The town of Medicine Lake sits just half a mile from Highway 55, which drops southeast into the Minneapolis and takes 20 minutes to access by car. If you prefer not to drive yourself, Allstate Taxi & Limo based in Plymouth provides city-wide taxi services to residents. The ride-sharing service Uber also operates around greater Minneapolis, and the service’s convenient app allows you to access potential lifts around the city from your phone.
Medicine Lake’s size and residential manner make it very pedestrian and bicycle friendly. Folks can feel safe strolling the sidewalks at any time of night or day. Plus, various regional trails wind around the lake and through neighboring suburbs. Cyclists should try the Medicine Lake Regional Trail, 15.64 miles of paved routes that connect Elm Creek Park Reserve in Maple Grove to the Luce Line Trail in Plymouth.
The cost of living in Medicine Lake is 53 percent higher than the cost of living in Minneapolis. While goods, services and groceries are roughly the same cost in both places, the cost of housing is nearly twice as much. Luckily for renters, the median rental rate is only 2 percent higher than the rental rate in other parts of Minneapolis.
unit rents for between $700 and $1,100. If you drive, you’ll pay approximately 1 percent less in gas than the national average. A trip to the city center on public transportation costs $3. Grab an after-work pint at the local pub and expect to pay 5-7 dollars.
South of Medicine Lake, along Wayzata Boulevard, the Ridgedale Center presents popular national chains like Target, Macys, and Gymboree to fill general clothing and fashion needs. Closer to the neighborhood, a scattering of local shops cater to the town’s specialty needs.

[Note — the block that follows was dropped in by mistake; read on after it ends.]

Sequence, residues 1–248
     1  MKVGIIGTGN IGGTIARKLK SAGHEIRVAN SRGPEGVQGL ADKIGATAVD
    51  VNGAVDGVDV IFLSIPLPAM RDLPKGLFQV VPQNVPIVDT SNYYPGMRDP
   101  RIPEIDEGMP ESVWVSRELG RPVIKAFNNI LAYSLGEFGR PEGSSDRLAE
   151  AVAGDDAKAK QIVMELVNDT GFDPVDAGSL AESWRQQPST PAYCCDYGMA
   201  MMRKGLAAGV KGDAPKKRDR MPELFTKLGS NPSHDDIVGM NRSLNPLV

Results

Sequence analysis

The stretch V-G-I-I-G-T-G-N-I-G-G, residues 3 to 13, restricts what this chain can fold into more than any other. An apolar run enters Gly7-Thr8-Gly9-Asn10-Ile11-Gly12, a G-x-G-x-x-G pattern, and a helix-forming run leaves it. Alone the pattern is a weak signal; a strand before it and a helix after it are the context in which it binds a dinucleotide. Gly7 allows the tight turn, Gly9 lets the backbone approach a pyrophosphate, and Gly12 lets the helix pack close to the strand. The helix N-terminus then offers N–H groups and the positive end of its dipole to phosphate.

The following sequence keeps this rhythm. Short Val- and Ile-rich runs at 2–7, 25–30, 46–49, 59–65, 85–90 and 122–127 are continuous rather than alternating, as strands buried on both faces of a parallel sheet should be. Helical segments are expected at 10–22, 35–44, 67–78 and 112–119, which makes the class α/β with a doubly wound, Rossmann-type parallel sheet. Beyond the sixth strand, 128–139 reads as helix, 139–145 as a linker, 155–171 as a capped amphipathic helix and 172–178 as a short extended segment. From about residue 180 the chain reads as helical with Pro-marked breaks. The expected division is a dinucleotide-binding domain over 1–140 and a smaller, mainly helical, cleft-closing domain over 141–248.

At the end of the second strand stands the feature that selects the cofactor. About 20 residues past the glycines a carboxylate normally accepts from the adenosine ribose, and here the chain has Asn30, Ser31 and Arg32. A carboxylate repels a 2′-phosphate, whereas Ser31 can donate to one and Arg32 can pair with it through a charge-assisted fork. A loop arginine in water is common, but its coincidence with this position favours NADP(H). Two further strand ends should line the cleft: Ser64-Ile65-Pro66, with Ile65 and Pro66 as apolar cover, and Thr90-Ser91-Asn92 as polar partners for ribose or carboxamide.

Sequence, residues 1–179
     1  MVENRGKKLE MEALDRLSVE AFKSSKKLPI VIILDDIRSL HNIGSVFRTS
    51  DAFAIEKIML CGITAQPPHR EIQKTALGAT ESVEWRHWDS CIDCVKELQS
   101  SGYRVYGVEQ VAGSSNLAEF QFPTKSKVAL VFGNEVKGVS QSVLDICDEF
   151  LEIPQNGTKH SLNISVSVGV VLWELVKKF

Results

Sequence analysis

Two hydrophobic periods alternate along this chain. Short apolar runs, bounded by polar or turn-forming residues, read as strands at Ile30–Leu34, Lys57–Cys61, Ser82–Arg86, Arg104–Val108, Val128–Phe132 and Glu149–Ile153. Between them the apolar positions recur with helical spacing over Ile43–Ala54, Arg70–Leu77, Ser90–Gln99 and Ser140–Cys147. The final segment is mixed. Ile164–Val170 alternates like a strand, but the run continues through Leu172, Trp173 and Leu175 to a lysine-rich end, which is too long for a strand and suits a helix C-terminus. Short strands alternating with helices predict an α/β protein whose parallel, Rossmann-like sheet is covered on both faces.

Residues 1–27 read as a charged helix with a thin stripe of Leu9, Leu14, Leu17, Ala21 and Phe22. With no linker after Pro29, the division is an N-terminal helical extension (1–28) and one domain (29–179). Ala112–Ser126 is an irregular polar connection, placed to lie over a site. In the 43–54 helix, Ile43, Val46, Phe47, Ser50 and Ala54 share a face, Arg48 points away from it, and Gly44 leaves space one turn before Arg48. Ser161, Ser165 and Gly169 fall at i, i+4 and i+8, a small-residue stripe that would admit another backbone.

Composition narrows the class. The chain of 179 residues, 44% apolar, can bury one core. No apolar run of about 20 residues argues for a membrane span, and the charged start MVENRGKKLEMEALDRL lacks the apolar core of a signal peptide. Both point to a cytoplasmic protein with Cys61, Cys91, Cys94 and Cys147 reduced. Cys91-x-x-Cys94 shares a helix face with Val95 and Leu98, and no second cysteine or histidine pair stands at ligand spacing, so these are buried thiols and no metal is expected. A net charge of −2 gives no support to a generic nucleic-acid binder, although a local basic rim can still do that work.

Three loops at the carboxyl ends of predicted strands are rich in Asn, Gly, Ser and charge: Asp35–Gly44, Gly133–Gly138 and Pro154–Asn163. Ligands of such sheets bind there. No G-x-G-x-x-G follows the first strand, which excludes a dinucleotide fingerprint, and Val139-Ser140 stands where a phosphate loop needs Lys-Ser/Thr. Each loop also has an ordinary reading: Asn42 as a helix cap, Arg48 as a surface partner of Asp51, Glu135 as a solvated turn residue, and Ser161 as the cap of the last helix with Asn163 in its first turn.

The Wabi Sabi Shop offers gently used furniture and home decorations, as well as interior design and remodeling services. Prices at this consignment haven vary depending on the item; do your research to determine the resale value before making a purchase. Frequently checking the shop’s website allows you first pick of the latest merchandise.
Family-owned and operated, the Foursome focuses on men’s clothing and shoes – especially big and tall sizes. Labels include both high-end and designer, and knowledgeable staff members will assist you in finding the best possible fit. The store also does tailoring and alterations.
My Music Store carries both new and used instruments, sheet music, and accessories. The merchandise is geared toward beginner and intermediate musicians, with moderately priced and mid-level quality guitars, drum sets and woodwinds. Passionate salespeople add to your positive shopping experience here. Need an instrument fixed? The store also has contracts for repairs and alterations.
When it comes to groceries, visit Plymouth for the heavily stocked Minnesota chains Cub Foods and Lunds Market. Arkady’s Market features Russian meats, cheeses, and newspapers.
Golden Valley, east of Medicine Lake, holds the nearest farmers market. Market in the Valley operates every Sunday. Here you’ll find fresh produce, hot food stalls, and live music.
Though the town of Medicine Lake may not have much space for public parks, the land surrounding the lake itself has woods, beaches, green grass and waters full of fish. The angler, cyclist and mother all find a bit of outdoor peace here.
Just west of the town, West Medicine Lake Park’s biggest draw is its public beach. Open from early June to late August, the beach has swimming, boating and fishing. Other park facilities include courts for basketball and volleyball, as well as picnic shelters.
On the opposite side of the peninsula, East Medicine Lake Park curves around the waterfront. Residents can work on their tan, swim and boat here as well.
Dogs are welcome but not allowed off-leash in unmarked areas; pet
owners are also asked to keep dogs from interfering with the native wetland wildlife. To let your canine run free, visit the Plymouth Dog Park on County Road 47.
Cyclists can pedal in any direction, with Plymouth’s well-maintained bike routes. Choose short
half-mile loops or long 5.5-mile loops. The Luce Line Trail passes just below Medicine Lake and takes riders from Plymouth to the town of Comos in Central Minnesota.